Tuesday, February 23, 2010
The Great Hall, The Cooper Union
7 East 7th Street
1.5 AIA CEU and New York state continuing education credits
Alberto Pérez-Gómez, the Bronfman Professor of Architectural History at McGill University, where he chairs the History and Theory Post-Professional (Master’s and Doctoral) Programs, will present The Cooper Union’s annual Feltman Lecture on lighting design.
Alberto Pérez-Gómez was born in Mexico City in 1949, where he studied architecture and practiced. He did postgraduate work at Cornell University, and was awarded an M.A. and a Ph.D. by the University of Essex (England). He has taught at universities in Mexico, Houston, Syracuse, Toronto, and at London’s Architectural Association. In 1983, he became Director of Carleton University’s School of Architecture before moving to McGill University in 1987. He has lectured extensively around the world and is the author of numerous articles published in major periodicals and books. He is also co-editor of a series of books entitled CHORA: Intervals in the Philosophy of Architecture.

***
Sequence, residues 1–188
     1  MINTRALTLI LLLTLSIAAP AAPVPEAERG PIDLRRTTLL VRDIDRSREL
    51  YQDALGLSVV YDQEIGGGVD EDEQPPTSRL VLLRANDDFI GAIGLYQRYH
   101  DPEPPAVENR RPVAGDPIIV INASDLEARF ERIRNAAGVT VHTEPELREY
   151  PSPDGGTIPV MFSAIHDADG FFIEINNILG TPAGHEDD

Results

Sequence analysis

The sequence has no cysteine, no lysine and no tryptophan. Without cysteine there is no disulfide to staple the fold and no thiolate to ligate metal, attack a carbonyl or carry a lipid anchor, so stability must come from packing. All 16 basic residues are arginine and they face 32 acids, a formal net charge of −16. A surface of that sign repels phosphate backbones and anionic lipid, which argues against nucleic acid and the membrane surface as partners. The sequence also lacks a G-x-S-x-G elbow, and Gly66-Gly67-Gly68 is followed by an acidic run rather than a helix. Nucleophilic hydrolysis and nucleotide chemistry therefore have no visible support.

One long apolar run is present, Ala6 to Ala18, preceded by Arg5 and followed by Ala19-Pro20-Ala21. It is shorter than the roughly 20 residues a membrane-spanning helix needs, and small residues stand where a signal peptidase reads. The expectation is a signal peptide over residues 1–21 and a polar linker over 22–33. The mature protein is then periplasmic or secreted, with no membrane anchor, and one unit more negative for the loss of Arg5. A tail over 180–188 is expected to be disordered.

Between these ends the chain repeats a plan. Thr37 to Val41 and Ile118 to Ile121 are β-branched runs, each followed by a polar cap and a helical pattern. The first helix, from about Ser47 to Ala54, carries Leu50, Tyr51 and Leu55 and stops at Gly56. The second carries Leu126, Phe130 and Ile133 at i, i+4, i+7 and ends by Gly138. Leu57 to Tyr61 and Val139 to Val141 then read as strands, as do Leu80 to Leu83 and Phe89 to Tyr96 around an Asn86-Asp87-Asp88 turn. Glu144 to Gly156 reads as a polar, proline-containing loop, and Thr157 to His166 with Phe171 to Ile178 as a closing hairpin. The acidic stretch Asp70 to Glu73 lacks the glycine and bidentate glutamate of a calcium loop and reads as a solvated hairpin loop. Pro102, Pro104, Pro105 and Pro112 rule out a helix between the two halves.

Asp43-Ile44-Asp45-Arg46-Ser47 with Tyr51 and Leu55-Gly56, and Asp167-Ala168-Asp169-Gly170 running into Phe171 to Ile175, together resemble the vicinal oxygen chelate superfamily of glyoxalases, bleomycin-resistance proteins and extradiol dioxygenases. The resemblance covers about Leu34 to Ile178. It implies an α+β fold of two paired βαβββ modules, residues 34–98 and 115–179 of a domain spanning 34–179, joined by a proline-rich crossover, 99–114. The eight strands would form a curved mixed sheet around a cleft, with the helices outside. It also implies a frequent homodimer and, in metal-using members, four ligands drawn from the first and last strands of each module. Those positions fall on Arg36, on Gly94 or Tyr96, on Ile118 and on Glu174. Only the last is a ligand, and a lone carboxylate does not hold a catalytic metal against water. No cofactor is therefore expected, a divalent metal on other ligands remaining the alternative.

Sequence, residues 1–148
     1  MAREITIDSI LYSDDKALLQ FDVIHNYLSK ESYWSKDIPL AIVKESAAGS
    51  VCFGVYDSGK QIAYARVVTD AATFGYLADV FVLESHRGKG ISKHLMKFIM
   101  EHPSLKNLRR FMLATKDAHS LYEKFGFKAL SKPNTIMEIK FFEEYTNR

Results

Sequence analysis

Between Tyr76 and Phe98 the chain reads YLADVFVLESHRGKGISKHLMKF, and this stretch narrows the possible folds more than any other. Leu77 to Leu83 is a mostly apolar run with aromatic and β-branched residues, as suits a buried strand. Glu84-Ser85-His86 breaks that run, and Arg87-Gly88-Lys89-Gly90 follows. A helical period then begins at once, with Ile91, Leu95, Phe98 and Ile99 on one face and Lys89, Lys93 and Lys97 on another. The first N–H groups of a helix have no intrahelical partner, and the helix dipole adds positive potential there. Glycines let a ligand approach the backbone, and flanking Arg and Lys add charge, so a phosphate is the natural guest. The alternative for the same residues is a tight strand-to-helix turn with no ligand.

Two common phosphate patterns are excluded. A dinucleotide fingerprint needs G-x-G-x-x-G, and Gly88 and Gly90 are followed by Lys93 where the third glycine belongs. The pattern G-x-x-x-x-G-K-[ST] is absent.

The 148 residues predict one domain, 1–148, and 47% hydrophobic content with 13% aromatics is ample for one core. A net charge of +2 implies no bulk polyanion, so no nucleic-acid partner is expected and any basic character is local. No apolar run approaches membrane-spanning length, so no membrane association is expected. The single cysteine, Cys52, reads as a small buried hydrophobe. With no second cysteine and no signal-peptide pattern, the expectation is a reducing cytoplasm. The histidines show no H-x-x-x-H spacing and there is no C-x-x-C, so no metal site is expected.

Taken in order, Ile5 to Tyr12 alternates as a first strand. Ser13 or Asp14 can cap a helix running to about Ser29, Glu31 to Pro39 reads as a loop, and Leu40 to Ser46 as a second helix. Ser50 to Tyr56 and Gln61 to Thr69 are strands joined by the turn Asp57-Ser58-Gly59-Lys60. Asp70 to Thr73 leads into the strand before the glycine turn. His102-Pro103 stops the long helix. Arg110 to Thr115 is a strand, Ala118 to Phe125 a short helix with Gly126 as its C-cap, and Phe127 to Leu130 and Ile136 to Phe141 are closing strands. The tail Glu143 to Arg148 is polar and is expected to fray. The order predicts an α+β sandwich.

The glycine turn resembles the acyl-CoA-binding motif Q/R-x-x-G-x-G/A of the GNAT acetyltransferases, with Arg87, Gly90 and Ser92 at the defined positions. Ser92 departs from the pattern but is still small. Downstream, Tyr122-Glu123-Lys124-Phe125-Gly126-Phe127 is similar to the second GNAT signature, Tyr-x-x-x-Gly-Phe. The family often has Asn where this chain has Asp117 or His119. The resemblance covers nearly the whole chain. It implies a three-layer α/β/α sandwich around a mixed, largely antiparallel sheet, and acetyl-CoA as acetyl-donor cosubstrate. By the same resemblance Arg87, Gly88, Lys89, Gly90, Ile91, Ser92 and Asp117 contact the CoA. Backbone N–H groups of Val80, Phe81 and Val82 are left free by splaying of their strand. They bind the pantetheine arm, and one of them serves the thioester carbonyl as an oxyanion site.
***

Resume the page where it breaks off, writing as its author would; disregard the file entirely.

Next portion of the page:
His book Architecture and the Crisis of Modern Science (MIT Press,1983) won the Hitchcock Award in 1984. Later books include the erotic narrative theory Polyphilo or The Dark Forest Revisited (1992), Architectural Representation and the Perspective Hinge (co-authored with Louise Pelletier, 1997), which traces the history and theory of modern European architectural representation, and most recently, Built upon Love: Architectural Longing after Ethics and Aesthetics (2006), which examines points of convergence between ethics and poetics in architectural history and philosophy.
Free and open to all. For more information, call 212.353.4220.
This program is sponsored by The Irwin S. Chanin School of Architecture of The Cooper Union for the Advancement of Science and Art and is co-sponsored by the Architectural League. This lecture is made possible by the Ellen and Sidney Feltman Fund established at The Cooper Union to advance the principles and benefits of lighting design through the exploration of the practical, philosophical and aesthetic attributes of light and illumination.
Image courtesy of the Irwin S. Chanin School of Architecture